The events of the past week moved social media into a new uncomfortable realm.
The methodical, ambush murders of WDBJ-TV (Roanoke, Va.) morning show reporter Alison Parker and photographer Adam Ward — two young people, just doing their jobs — prompted an outpouring of shock and grief that immediately spilled onto Twitter and Facebook. Their deaths were compounded by the fact that they were killed on live television –and their killer, in a sickening twist, shot his own video of the frantic moments.
It’s okay not to comment
Where does one begin to find the words to describe how sadistic this is? Twitter was full of eloquent, heartfelt words of support for their co-workers. But having only 140 characters made it painfully awkward.
About three hours after the shooting, one traffic reporter tweeted matter-of-factly, “Sad morning for all of us who work in television. Reporter and photographer shot and killed during live newscast.” You would think the station receptionist had died of a heart attack.
The problem is people think they have to say something, when they shouldn’t. No one should feel compelled to join the conversation. And frankly, unless you have information that advances the story, it’s usually best that you don’t.
Here’s an example of a post that struck just the right tone:
Journalists have a responsibility to minimize harm to the victims of crime and their families. To that end, this was not social media’s finest hour.
USA Today reports that the killer created his Twitter and Facebook accounts just a week before, obviously intending to use social media to show the world what he had done. Those pictures sparked a debate over “how much is too much to share.” The New York Daily News has been roundly criticized for its front page, using freeze frames from the video the gunman himself presumably uploaded. Particularly appalling is the fact that the social media team at @NYDailyNews felt compelled to give us all an ‘early look’ by posting it the night before on Twitter. Really?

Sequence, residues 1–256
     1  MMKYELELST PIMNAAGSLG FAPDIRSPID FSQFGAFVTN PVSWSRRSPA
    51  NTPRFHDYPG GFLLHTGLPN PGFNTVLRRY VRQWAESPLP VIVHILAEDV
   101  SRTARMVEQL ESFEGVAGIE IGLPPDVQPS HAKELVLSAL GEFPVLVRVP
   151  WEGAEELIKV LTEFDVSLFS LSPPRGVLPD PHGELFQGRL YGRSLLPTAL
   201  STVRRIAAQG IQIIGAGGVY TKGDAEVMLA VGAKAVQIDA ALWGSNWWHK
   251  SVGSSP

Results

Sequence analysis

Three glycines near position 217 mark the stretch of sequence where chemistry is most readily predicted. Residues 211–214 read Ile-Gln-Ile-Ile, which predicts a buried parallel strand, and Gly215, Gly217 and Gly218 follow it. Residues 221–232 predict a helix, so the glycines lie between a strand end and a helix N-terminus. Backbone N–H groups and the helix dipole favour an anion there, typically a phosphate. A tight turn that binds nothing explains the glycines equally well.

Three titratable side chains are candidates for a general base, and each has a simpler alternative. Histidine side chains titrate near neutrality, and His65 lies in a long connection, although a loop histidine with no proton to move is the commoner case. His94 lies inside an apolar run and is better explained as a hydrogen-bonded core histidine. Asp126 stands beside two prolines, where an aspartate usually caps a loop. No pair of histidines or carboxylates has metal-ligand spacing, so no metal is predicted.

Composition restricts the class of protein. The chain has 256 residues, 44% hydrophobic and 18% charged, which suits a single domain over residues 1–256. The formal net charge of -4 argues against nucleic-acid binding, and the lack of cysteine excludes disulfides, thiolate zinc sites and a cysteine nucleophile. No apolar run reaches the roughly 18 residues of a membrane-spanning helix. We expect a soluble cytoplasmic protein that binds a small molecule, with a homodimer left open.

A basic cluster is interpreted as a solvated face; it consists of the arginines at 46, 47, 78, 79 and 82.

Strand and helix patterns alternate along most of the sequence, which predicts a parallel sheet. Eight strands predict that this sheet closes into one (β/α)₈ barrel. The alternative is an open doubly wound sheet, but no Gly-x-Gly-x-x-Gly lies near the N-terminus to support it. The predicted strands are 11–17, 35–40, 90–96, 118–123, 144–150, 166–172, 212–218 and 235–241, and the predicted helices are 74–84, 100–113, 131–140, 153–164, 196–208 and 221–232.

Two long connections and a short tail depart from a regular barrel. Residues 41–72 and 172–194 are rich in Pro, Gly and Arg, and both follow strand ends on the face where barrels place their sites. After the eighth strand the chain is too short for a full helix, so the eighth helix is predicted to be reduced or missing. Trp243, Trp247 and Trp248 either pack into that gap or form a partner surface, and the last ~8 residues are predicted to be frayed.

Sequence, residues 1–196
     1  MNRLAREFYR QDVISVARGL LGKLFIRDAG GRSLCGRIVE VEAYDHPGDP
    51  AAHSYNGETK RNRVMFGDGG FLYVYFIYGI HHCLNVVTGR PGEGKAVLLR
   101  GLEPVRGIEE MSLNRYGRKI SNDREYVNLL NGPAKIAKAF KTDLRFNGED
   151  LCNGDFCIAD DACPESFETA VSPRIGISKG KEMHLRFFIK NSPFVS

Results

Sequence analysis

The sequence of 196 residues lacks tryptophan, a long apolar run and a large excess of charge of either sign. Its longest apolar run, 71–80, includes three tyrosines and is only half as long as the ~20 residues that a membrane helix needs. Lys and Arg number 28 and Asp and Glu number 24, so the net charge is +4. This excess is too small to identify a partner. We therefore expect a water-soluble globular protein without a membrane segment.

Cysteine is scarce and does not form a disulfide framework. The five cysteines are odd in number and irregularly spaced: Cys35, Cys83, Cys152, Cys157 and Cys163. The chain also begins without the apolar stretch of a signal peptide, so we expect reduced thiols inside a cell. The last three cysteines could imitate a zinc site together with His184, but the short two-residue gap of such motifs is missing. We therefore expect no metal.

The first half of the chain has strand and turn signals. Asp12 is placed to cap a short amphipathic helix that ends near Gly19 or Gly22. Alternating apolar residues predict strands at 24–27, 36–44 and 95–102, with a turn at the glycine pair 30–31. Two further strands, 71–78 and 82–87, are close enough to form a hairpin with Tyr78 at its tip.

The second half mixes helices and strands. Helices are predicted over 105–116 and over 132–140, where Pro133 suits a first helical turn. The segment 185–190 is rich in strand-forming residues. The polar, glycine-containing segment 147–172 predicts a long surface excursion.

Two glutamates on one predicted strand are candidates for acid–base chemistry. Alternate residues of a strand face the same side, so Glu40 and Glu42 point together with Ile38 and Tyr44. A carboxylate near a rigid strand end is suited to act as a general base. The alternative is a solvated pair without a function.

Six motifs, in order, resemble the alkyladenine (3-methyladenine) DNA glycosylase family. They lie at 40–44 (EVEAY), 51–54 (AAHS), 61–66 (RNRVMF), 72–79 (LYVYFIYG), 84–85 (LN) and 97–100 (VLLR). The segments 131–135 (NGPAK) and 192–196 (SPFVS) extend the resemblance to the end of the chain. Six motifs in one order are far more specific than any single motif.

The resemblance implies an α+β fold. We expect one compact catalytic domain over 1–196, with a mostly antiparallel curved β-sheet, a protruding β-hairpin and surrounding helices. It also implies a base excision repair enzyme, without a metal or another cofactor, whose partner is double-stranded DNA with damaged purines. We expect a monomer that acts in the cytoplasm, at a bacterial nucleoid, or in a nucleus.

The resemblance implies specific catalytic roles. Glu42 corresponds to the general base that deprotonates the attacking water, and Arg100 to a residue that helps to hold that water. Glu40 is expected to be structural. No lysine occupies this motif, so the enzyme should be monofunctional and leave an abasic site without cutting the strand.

Adam and Alison’s station aired the video once. CNN made a rather strange call to air the death video “once an hour.” Presumably, that news cycle is over. But as of this weekend, the video clip from the live newscast could be seen on the CNN website with a disclaimer.
A job with no glory
These kids had one of the most thankless jobs in television: Getting up in the middle of the night, heading into work in the dark, throwing their gear into a live truck and traveling – in this instance – more than 30 miles to interview a local chamber of commerce cheerleader. Not exactly a risky assignment – or one would have thought. We now know they were both shot in the head.
Alison’s last tweet a few days before she died says it all about who she was. And no doubt, it’s an innocence that will live on in the memory of her friends and family.
For all the bad behavior out there, it’s also nice to see that Alison’s page is at 45,000 likes and growing. Thanks to Facebook, even the people who never knew her will feel like they did.
A fund has been set up for the families of ADAM WARD and ALISON PARKER. You can learn more about it and contribute here. Their boss, WDBJ-TV General Manager Jeffrey Marks, reflects on the tragedy in a letter to fellow broadcasters which you can find here.